Teradata Warrants a Wait-and-See Approach
Data Engineer

Data warehousing and business analytics provider Teradata (TDC)  is in the midst of a business model transformation that it hopes will turn around its fortunes. The company reports fourth-quarter and year-end 2016 results on Thursday, Feb. 9.

On Nov. 19, Teradata held an analyst meeting to make its case before the investment community that its transformation will result in higher growth. Over the past few years the company has struggled to grow. Revenue declined 7.4% in 2015 and is expected to be down 10% in 2016, according to estimates. Management thinks revenue will down 5-10% in 2017.

Customers use Teradata's hardware, software and consulting services to predict business trends, improve customer satisfaction and increase efficiencies. Insurance companies might use Teradata to find the difference in risk between the best and worst drivers. Retailers might use Teradata to find trends in cash-register data. Verizon (VZ)  uses its Teradata data warehouse to create attractive offerings for customers that are profitable to the business.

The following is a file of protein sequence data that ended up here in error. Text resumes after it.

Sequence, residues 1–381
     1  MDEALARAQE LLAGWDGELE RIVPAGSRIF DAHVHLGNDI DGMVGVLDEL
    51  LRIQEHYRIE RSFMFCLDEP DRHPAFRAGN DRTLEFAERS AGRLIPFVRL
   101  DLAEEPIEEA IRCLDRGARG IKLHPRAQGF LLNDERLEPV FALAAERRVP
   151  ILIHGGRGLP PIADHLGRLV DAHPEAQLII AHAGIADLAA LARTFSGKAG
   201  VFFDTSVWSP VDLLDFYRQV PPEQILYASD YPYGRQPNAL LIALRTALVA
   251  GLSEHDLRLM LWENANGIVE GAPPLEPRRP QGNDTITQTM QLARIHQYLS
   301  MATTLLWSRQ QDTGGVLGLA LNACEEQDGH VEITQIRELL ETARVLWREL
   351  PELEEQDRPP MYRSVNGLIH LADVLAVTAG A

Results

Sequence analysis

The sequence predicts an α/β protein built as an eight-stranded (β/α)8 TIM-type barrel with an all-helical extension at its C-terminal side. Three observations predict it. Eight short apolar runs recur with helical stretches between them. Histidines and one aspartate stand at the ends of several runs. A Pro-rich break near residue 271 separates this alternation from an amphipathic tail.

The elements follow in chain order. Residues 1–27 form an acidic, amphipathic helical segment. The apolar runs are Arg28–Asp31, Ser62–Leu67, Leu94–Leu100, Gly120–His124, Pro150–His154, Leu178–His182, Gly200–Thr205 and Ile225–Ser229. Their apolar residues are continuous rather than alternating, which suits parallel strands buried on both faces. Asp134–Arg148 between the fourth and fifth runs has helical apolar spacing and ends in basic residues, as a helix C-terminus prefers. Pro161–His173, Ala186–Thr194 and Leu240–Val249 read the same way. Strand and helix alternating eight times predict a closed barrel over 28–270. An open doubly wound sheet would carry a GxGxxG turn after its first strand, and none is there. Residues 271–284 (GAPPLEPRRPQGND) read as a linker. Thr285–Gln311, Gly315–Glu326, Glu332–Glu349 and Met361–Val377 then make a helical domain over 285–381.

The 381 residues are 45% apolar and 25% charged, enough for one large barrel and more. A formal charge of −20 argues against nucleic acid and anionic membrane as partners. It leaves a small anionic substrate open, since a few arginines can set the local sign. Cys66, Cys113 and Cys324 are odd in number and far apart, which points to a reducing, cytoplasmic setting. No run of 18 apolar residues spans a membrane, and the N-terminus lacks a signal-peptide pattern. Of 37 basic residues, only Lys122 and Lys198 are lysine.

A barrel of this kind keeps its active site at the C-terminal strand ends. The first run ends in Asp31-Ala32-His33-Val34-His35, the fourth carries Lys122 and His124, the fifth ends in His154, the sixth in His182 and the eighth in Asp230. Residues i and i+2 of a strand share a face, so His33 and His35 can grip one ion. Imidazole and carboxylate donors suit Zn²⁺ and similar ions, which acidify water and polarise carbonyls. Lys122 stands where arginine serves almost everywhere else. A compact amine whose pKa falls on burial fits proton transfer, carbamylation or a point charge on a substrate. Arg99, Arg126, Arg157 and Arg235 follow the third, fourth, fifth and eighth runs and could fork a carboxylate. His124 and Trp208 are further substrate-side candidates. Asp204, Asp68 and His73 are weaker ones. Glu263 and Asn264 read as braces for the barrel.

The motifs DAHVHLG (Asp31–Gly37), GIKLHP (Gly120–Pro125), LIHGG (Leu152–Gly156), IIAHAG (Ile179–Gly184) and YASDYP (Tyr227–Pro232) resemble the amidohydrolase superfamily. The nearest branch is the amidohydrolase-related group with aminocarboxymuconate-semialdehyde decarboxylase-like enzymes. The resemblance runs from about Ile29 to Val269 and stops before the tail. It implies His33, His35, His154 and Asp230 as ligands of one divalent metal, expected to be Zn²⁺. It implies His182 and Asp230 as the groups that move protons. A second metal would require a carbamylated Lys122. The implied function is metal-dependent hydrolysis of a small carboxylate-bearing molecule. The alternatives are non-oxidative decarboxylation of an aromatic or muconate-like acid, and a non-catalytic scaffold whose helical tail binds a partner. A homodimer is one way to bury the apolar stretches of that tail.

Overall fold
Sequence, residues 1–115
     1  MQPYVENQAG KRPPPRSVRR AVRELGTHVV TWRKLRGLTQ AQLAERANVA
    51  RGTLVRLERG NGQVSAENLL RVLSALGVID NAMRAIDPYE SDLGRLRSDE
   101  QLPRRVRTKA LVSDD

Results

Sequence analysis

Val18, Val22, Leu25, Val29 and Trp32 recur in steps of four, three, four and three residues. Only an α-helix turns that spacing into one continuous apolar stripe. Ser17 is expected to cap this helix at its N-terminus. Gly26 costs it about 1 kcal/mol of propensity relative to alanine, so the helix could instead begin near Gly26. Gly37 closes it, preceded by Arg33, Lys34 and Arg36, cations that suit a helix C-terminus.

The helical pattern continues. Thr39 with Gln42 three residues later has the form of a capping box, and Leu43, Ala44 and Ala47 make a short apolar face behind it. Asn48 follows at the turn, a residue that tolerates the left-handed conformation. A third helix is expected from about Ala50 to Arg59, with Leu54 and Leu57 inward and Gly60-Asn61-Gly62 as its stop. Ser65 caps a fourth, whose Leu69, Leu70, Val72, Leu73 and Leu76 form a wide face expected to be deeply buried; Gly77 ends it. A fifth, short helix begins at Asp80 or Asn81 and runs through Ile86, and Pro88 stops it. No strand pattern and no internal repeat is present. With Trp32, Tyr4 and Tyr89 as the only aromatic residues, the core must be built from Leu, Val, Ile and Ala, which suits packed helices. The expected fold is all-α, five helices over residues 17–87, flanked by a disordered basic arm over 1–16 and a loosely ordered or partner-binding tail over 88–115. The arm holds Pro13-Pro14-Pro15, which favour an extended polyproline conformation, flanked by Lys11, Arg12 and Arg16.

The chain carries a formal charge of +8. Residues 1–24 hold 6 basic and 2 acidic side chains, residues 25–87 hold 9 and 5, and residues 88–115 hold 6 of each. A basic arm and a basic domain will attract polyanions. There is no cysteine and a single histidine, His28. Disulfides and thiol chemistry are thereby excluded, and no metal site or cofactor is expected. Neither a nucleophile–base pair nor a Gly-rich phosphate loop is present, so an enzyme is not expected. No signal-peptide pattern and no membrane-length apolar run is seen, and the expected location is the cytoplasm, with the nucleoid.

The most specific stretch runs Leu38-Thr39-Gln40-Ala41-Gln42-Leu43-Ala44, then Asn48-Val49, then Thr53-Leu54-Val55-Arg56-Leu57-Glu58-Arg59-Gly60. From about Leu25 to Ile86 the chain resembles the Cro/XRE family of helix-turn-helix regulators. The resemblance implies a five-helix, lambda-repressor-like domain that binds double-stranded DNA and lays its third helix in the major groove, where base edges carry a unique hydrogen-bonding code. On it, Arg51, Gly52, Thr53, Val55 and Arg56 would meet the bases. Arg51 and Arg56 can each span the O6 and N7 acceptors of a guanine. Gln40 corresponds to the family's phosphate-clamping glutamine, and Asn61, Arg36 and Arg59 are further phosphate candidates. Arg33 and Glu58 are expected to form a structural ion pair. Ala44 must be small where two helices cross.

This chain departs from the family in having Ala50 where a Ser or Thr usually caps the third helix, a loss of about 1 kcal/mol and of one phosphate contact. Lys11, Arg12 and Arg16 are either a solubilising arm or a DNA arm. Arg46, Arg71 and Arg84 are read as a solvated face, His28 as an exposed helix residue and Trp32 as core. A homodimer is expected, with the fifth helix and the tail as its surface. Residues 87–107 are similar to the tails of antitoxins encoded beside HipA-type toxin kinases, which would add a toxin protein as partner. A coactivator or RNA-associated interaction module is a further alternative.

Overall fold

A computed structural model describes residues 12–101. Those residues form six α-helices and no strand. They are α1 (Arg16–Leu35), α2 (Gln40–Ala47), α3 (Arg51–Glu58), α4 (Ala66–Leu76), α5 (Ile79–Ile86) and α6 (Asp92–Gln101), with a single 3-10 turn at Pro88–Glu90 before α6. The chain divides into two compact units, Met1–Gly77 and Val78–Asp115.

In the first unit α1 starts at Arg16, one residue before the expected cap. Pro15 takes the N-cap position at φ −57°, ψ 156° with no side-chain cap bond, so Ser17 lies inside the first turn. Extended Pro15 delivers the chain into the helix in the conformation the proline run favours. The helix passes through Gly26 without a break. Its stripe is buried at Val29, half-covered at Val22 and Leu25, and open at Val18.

Teradata's historical core has been data management, but it needs to extend out into faster-growing markets such as analytic tools, consulting and less-expensive pre-packaged analytics for smaller customers. More than 50% of the company's addressable market is the top-500 companies with gigantic data warehouses.

Data warehouses were once stored on the company's proprietary hardware, but today customers are demanding analytics across the public cloud, the private cloud, and the cloud hosted at Teradata. About 85% of Teradata's customers do not want to manage their infrastructure and are moving toward a managed cloud arrangement.

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